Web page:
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DramaWatch Weekly: Bedsheets and Bongos

Start clicking those links: It's time to play The YouTube Theater Research Game

You play, I play, we all on-the-sly play …The YouTube Theater Research Game!

A.L. Adams

Admit it, Kids: When you see that a show is starring So-and-So, or that it’s from Such-and-Such company, you probably can’t slap those names in a search window fast enough. What comes up may or may not be relevant to their latest work. It may or may not be what their PR people would prefer to show you. But it comes up in a flash, and it at least answers a few who-and-whats, and soon you’re making a slightly more informed showgoing decision.

Shall we?

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Rose City Shakespeare actors append “Lysistrata” in rehearsal. Photo: Jeremy Gardels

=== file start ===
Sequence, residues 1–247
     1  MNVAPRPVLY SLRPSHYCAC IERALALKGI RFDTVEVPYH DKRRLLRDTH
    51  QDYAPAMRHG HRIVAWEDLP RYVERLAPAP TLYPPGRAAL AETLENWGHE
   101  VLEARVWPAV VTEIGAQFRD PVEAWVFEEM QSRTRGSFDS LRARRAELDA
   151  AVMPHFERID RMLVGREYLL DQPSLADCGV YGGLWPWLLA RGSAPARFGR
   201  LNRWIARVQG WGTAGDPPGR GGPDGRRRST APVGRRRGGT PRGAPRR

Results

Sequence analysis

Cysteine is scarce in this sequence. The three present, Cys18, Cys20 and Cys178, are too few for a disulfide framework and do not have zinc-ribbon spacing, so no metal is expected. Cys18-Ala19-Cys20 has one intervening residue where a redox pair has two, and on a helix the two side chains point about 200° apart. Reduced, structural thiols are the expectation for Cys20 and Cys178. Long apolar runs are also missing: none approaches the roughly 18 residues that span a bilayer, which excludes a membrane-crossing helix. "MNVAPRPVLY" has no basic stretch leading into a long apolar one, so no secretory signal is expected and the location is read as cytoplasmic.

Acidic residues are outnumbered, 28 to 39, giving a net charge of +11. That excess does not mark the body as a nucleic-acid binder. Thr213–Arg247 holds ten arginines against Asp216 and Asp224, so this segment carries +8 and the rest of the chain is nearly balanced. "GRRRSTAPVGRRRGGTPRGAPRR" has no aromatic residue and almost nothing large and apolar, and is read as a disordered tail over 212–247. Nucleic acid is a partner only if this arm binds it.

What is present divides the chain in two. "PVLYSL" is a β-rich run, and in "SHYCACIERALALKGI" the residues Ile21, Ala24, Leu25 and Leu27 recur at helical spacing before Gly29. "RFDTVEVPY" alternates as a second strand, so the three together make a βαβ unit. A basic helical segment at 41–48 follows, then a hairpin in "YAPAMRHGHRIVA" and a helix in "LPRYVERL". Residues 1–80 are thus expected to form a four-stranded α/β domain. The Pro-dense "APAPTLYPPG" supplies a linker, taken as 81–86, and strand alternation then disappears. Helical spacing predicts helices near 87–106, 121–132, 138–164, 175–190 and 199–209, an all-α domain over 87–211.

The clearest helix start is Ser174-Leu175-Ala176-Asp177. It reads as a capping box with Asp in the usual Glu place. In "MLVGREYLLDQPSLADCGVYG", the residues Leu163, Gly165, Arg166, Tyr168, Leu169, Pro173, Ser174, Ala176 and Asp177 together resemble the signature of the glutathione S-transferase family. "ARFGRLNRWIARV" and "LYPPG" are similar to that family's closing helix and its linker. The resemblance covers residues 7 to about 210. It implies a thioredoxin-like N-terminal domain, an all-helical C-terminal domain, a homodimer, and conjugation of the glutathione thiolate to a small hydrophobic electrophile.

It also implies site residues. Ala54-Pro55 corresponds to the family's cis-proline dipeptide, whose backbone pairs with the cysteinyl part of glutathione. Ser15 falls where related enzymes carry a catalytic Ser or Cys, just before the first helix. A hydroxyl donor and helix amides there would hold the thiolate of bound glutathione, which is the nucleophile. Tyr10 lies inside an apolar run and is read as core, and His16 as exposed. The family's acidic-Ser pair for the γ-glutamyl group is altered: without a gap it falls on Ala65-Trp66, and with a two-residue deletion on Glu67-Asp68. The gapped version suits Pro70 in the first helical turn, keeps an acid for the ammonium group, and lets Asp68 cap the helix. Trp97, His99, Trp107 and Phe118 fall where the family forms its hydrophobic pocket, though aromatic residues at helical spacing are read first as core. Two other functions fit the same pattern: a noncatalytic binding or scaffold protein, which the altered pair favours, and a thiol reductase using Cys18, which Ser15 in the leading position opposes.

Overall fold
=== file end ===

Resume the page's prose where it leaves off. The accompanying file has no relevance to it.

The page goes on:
The Rose City Shakespeare Company’s current offering at Alberta Rose promises “burlesque, aerial dance and giant paper maché dongs,” but all they brought to this rehearsal video were some bedsheets and bongos. Is Lysistrata holding out on us? Ah. Right. I see what they did there.

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I thought maybe serial theater had died off with Action/Adventure…but no [cue Frankenstein organ music]…IT’S ALIIIIVE! In this video, it sounds like Theatre Vertigo is reanimating the form for its October offering, Joel Patrick Durham’s Nesting: Vacancy. Three things I like about this: 1) Joel Patrick Durham’s been acting-about-town and seems to have a steady hand. 2) Watching several episodes of a play is the perfect TV/theater hybrid. 3) The cast has some strong players and seems gung-ho. One caution: Vertigo does not mess around when they cry “horror.” They’ve mounted some horror there before (in their tiny Shoebox Theatre space) that legit made me want to kill or die. Hopefully in this series, the horror will be cut with the hint of comedy that Durham’s general demeanor suggests.